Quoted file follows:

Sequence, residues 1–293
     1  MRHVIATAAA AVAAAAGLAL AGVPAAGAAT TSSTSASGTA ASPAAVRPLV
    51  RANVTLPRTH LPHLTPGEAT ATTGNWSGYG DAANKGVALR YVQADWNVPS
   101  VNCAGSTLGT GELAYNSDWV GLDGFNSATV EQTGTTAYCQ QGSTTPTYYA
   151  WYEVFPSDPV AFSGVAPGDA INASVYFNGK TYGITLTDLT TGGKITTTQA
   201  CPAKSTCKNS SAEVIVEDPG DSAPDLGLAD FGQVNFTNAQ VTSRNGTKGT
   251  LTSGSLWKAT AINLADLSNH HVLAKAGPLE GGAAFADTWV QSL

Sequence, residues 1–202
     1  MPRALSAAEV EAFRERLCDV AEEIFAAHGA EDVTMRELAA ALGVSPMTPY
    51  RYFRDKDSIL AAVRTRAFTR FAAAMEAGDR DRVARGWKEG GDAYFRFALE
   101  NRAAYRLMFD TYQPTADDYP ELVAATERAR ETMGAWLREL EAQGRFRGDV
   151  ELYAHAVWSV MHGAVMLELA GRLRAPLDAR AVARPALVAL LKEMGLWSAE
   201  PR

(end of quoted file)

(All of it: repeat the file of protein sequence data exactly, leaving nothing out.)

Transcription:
Sequence, residues 1–293
     1  MRHVIATAAA AVAAAAGLAL AGVPAAGAAT TSSTSASGTA ASPAAVRPLV
    51  RANVTLPRTH LPHLTPGEAT ATTGNWSGYG DAANKGVALR YVQADWNVPS
   101  VNCAGSTLGT GELAYNSDWV GLDGFNSATV EQTGTTAYCQ QGSTTPTYYA
   151  WYEVFPSDPV AFSGVAPGDA INASVYFNGK TYGITLTDLT TGGKITTTQA
   201  CPAKSTCKNS SAEVIVEDPG DSAPDLGLAD FGQVNFTNAQ VTSRNGTKGT
   251  LTSGSLWKAT AINLADLSNH HVLAKAGPLE GGAAFADTWV QSL

Sequence, residues 1–202
     1  MPRALSAAEV EAFRERLCDV AEEIFAAHGA EDVTMRELAA ALGVSPMTPY
    51  RYFRDKDSIL AAVRTRAFTR FAAAMEAGDR DRVARGWKEG GDAYFRFALE
   101  NRAAYRLMFD TYQPTADDYP ELVAATERAR ETMGAWLREL EAQGRFRGDV
   151  ELYAHAVWSV MHGAVMLELA GRLRAPLDAR AVARPALVAL LKEMGLWSAE
   201  PR